BLM is a movement that affirms the humanity of those unjustly treated within our society - where basic human rights are lacking and ignored. In an ideal world, no one should have to be a puppet of their own existence or to prove why they need to be treated justly. As seen over the years, it is evident that it takes the power of the collective to go farther, break new grounds and change existing narratives about race - leading to life defining changes.

    Which is why, I believe strongly that we all have a human responsibility to make make meaningful contribution however little - and it starts with education. A good ally would seek knowledge, be informed on the issues and strive to educate those around them.

    Ignorance is not bliss, education is freedom for self and soul.

  • Sorcha Hughes
    8. At 10:14AM on 25 May 2021, Sorcha Hughes wrote

    "Without community, there is no liberation, only the most vulnerable and temporary armistice between an individual and her oppression" Audre Lorde. To me, this quote captures the importance of solidarity and the very real need for us all to actively communicate, support, and love one another, to truly make the world a better place. Black Lives Matter is intimately connected to LGBTQ+ issues, class issues, the oppression of women, economic injustice, and other social issues. When I think of what Audre meant by community, I imagine not disparate groups forced to fend for themselves and make progress on their own, but a society wherein problems are solved together, issues of injustice are opposed by all, and where someone's identity or community is not a predetermined disadvantage for their journey in the world.

  • Natasha Nelson (co-Chair of the Race Equality Network)
    9. At 10:17AM on 25 May 2021, Natasha Nelson (co-Chair of the Race Equality Network) wrote

    It has taken me a while to find the words to write my post and to be honest, I still don't have them. The amount of racism I have seen over the past year is disheartening, especially when the latest government report highlighted that 'there is no institutional racism in the UK', which is concerning as all you have to do is watch the news, or go on social media and it's there for all to see. The most recent example was of the young girl who was filmed on a night out who verbally and physically attacked a bouncer with racial slurs (and spit) just because he wouldn't let her into the club she wanted to go into. This girl has now been arrested, lost her job, but also considers herself 'famous' - sigh. She has also 'apologised' with the classic, "I'm not racist because I have co-workers and friends who are black", well I really hope these people are no longer her friends as you cannot justify the vile racism that escaped her mouth. The only reason this example has hit the news and she has been arrested is because it was filmed, but unfortunately this behaviour is seen by bouncers (and many other occupations all year round). Certain industries and parts of the world have come a long way, and some haven't come very far at all, and that's disappointing and makes me angry. I hope that in my lifetime I see real change, but if not I hope it comes soon enough for the next generation to not feel the same tensions, or not be able to walk in certain places, or wear certain clothes, for fear of what might happen to them just because of the colour of their skin.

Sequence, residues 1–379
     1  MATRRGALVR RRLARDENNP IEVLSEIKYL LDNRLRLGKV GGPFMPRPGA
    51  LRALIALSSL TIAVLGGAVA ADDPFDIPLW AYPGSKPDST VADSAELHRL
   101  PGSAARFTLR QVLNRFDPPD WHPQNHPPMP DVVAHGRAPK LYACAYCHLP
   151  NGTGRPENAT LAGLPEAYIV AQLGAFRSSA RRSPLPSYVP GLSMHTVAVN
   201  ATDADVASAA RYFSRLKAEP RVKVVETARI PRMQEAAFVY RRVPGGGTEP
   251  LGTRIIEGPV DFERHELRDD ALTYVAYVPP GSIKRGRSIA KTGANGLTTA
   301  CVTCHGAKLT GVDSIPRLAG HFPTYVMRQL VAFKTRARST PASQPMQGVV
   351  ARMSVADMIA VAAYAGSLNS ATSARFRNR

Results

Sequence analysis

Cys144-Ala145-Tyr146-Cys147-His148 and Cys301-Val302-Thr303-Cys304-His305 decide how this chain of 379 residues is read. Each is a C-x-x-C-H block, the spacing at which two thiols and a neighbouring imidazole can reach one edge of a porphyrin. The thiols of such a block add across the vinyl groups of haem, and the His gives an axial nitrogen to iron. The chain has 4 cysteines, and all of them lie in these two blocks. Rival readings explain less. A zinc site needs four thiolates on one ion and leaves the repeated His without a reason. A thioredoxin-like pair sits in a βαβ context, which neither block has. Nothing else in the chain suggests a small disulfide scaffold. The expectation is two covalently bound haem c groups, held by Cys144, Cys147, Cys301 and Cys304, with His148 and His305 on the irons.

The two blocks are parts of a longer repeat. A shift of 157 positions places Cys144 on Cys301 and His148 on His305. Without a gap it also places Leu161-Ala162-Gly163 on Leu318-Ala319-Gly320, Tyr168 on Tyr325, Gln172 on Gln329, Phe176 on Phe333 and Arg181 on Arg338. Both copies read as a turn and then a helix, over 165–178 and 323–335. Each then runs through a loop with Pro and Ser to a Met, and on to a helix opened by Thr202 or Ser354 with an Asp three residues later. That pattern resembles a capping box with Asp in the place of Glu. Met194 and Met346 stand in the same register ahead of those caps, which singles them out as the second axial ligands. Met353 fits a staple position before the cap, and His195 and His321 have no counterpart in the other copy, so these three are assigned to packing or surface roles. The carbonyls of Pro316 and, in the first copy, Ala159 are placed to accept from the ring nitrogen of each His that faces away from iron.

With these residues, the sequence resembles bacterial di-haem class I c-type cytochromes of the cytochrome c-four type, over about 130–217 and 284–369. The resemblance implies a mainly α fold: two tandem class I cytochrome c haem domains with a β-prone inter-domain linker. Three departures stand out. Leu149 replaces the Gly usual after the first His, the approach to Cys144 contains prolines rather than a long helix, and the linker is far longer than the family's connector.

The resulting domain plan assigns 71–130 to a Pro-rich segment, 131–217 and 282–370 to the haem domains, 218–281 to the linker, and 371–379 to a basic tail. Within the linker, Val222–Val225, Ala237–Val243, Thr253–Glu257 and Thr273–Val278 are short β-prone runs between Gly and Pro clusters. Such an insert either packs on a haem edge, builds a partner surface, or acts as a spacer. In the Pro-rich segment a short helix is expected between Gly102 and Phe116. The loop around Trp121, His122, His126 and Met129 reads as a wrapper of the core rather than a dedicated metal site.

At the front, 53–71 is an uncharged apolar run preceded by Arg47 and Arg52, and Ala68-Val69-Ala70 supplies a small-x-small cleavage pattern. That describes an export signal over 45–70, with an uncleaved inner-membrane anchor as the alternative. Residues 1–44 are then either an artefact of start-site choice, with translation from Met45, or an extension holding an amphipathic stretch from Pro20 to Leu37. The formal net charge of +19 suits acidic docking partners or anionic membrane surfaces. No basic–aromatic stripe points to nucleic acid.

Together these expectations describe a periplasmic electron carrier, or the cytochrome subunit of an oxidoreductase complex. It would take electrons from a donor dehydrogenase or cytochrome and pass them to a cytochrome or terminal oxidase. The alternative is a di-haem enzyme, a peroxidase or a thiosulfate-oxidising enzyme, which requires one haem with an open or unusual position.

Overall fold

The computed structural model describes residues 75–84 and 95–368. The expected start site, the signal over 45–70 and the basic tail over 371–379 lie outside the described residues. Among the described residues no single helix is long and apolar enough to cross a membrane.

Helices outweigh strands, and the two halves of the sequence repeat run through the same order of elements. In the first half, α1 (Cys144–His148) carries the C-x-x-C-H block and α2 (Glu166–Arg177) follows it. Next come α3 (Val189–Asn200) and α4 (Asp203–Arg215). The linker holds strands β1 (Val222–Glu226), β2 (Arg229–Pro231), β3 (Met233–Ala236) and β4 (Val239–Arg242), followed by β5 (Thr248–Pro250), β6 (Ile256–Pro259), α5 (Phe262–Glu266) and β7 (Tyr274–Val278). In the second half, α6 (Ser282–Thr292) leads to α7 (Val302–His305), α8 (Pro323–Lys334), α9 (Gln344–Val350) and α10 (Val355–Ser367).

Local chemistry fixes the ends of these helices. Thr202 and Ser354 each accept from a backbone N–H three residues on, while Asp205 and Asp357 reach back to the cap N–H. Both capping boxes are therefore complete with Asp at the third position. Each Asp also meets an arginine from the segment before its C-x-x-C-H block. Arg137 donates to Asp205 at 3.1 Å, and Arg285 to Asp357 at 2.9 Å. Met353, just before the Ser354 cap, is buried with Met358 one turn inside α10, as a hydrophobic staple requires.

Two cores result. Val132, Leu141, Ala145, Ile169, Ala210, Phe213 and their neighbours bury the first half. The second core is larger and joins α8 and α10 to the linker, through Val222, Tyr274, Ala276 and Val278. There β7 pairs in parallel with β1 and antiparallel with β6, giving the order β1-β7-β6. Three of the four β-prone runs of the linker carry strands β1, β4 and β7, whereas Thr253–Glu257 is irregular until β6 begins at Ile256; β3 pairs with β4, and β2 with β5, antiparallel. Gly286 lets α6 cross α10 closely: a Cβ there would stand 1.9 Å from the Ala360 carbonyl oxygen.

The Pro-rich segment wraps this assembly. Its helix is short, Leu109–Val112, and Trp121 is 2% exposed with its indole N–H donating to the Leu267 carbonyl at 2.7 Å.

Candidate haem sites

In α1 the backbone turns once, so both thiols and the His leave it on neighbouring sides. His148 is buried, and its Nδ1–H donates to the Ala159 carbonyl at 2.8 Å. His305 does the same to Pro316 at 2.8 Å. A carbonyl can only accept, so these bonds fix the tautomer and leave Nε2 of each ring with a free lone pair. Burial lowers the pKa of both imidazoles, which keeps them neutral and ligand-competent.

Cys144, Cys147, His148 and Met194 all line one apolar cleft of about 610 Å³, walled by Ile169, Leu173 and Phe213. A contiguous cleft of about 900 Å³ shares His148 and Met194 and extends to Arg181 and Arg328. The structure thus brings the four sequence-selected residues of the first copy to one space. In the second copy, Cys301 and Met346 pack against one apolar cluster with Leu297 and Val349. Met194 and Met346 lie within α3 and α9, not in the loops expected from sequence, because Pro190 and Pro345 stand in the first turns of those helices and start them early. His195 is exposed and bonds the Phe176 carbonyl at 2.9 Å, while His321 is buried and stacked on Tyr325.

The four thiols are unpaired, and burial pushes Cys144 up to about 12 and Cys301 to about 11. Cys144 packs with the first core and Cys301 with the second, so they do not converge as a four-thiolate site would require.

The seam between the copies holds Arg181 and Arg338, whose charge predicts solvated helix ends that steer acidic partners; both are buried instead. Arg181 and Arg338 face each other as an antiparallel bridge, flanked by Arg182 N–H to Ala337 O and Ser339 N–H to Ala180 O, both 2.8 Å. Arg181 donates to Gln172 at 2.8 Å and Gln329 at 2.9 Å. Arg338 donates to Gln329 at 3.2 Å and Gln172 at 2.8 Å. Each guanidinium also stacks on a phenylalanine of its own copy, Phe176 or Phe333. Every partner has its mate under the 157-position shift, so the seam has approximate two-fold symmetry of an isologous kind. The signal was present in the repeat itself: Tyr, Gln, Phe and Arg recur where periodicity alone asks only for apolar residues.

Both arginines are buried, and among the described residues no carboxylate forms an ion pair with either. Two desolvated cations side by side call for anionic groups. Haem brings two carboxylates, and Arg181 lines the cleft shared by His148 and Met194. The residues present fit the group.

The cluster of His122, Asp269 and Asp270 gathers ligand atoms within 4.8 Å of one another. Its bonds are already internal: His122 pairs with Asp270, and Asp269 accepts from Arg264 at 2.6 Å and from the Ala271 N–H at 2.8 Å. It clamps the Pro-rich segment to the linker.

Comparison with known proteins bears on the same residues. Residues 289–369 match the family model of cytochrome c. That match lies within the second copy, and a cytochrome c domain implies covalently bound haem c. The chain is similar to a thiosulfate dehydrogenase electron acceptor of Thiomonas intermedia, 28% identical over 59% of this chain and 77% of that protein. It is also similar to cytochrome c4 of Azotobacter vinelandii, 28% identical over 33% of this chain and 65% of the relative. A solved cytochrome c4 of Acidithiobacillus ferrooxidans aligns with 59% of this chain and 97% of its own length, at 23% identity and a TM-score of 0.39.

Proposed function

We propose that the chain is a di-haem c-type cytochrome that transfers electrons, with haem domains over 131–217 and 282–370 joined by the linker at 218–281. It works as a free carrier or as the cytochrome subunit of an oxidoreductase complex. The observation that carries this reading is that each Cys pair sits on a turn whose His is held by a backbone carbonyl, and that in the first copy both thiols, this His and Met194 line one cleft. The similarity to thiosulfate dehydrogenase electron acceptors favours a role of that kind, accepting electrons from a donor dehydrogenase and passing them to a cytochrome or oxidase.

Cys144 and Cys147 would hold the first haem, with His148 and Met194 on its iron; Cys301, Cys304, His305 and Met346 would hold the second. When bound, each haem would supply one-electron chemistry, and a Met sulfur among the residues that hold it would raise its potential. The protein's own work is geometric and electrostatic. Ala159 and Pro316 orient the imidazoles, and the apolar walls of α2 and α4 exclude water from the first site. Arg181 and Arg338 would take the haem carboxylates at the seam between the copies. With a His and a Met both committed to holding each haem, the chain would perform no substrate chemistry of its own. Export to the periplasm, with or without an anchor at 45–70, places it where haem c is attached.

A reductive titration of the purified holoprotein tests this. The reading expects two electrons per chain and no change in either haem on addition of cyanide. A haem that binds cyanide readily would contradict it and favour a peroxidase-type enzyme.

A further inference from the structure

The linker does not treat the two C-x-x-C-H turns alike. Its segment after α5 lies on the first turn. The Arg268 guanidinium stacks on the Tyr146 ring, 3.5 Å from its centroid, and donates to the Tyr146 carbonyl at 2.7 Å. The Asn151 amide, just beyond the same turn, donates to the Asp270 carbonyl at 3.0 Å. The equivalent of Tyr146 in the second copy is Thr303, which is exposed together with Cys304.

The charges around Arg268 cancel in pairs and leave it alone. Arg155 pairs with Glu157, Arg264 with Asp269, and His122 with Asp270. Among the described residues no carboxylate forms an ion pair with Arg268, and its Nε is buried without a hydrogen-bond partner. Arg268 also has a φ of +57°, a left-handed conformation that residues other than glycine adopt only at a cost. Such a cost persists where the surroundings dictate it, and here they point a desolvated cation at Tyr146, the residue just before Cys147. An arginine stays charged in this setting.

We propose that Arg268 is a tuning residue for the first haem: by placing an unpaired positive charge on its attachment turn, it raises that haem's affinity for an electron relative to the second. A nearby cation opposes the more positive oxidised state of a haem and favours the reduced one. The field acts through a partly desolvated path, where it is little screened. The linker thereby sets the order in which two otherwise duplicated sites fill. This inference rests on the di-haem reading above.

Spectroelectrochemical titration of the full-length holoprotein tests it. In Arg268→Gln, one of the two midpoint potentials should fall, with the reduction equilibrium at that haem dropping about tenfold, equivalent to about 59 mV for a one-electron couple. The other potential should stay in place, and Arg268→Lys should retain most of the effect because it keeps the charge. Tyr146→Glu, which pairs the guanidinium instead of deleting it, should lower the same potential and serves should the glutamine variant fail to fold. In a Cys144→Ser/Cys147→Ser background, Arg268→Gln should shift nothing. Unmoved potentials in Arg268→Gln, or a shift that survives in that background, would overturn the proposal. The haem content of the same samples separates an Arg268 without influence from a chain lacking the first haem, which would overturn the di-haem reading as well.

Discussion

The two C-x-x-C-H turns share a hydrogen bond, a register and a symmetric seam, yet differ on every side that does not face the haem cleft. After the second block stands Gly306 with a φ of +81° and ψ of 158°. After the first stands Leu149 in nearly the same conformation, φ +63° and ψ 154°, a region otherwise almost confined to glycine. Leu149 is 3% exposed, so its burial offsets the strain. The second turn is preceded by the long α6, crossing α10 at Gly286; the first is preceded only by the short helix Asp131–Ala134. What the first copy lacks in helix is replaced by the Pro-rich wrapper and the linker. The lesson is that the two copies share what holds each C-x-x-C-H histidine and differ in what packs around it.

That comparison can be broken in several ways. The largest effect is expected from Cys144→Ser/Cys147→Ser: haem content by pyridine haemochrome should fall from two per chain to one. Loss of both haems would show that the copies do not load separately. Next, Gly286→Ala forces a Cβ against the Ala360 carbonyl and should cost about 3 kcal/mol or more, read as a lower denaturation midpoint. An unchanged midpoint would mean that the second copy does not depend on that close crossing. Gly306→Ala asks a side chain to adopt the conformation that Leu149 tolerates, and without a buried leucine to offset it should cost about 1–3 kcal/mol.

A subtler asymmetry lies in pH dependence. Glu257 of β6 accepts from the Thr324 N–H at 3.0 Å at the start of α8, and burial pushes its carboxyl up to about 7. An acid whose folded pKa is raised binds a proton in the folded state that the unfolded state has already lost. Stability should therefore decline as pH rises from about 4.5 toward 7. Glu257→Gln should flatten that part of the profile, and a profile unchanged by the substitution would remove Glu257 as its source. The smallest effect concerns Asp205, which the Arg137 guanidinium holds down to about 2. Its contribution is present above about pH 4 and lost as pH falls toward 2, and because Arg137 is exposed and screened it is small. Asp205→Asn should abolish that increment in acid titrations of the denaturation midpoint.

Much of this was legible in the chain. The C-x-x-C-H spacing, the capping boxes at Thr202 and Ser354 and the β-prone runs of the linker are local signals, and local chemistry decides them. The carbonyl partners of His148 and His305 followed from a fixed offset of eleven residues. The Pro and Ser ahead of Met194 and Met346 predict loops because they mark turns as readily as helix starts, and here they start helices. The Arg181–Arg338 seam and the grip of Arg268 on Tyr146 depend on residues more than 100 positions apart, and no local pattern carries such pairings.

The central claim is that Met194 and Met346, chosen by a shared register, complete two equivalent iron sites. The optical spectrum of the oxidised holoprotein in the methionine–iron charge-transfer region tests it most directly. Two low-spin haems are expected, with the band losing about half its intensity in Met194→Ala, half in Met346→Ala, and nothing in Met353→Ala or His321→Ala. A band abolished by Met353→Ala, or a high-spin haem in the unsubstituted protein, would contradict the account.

"To bring about change, you must not be afraid to take the first step. We will fail when we fail to try" Rosa Parks

  • Mike Hill
    10. At 1:58PM on 25 May 2021, Mike Hill wrote

    Thank you for the service with all its messages of goodwill and determination to work for racial justice. I participated as a representative of Friends International in Birmingham, an organisation which for over three decades has welcomed international students and academics to the UK regardless of colour, faith, race or nationality. As a Christian charity, we believe every person is created equally by God in His image.

    Today I recall Archbishop Desmond Tutu’s story of the respect shown to his mother by Archbishop Trevor Huddleston. "I know that he made an indelible impression on me as a boy of nine, when he doffed his hat to my domestic-worker mother and greeted her with 'good morning, ma'am'…It was unheard of and certainly rare in the South Africa of those days for a white man to show such respect to a black woman. It showed that he really did believe that those created in the image of God, of whatever colour, were indeed creatures of infinite worth, precious to God. ... His affection helped and perhaps exorcised, a likely bitterness or hatred of the whites and made my future ministry more possible." We all know what healing and reconciliation Archbishop Tutu later fostered. Who knows what impact our attitudes, words and actions may have in this world, and what we may receive in return.

    Friends International believes we are at our best only when we embrace people of all backgrounds and contexts to work together for a better future, and we have publicly pledged to stand alongside all those who seek to raise awareness and to eliminate racism from our society.

    Too many students experience racism: most recently, and since the pandemic, there has even been increased prejudice against East Asian students due to Covid. We are proud that our community volunteers offer all international students an unconditional welcome into their homes and lives.

    I was privileged to join with you today and will look forward to seeing the tree soon.

    Mike Hill

Add Your Feedback